Verse > Anthologies > The World’s Best Poetry > Vol. III. Sorrow and Consolation
Bliss Carman, et al., eds.  The World’s Best Poetry.
Volume III. Sorrow and Consolation.  1904.
V. Death and Bereavement
On Anne Allen
Edward Fitzgerald (1809–1883)
THE WIND blew keenly from the Western sea,
And drove the dead leaves slanting from the tree—
  Vanity of vanities, the Preacher saith—
Heaping them up before her Father’s door
When I saw her whom I shall see no more—        5
  We cannot bribe thee, Death.
She went abroad the falling leaves among,
She saw the merry season fade, and sung—
  Vanity of vanities the Preacher saith—
Freely she wandered in the leafless wood,        10
And said that all was fresh, and fair, and good—
  She knew thee not, O Death.
She bound her shining hair across her brow,
She went into the garden fading now;
  Vanity of vanities the Preacher saith—        15
And if one sighed to think that it was sere,
She smiled to think that it would bloom next year!
  She feared thee not, O Death.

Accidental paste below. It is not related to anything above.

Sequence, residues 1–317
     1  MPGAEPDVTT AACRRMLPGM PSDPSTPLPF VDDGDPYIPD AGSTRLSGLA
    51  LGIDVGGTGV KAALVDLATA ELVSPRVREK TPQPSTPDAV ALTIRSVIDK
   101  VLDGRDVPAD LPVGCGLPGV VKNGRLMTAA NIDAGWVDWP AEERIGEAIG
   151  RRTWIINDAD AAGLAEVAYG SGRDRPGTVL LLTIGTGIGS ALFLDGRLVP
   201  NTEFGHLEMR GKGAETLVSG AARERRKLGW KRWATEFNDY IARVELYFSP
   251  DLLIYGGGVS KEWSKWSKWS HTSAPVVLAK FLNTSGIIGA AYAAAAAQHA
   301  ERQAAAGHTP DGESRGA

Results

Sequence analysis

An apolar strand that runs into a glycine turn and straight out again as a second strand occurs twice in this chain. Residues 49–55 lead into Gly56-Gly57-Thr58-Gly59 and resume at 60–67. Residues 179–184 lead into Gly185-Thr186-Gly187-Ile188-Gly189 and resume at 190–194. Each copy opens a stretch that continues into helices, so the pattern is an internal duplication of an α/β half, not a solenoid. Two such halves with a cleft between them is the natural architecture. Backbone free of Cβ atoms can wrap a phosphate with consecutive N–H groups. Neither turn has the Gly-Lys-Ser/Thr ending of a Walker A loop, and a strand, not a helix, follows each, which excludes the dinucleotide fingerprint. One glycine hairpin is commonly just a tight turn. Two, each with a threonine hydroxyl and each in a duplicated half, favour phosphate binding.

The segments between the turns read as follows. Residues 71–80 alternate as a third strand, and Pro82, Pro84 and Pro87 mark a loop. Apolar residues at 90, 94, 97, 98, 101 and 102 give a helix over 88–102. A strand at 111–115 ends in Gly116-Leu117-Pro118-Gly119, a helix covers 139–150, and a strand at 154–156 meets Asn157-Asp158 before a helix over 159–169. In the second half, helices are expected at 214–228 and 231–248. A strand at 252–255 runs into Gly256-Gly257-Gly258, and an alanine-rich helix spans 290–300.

Blooming she came back to the cheerful room
With all the fairer flowers yet in bloom—        20
  Vanity of vanities the Preacher saith—
A fragrant knot for each of us she tied,
And placed the fairest at her Father’s side—
  She cannot charm thee, Death.
Her pleasant smile spread sunshine upon all;        25
We heard her sweet clear laughter in the Hall—
  Vanity of vanities the Preacher saith—
We heard her sometimes after evening prayer,
As she went singing softly up the stair—
  No voice can charm thee, Death.        30
Where is the pleasant smile, the laughter kind,
That made sweet music of the winter wind?
  Vanity of vanities the Preacher saith—
Idly they gaze upon her empty place,
Her kiss hath faded from her Father’s face—        35
  She is with thee, O Death.

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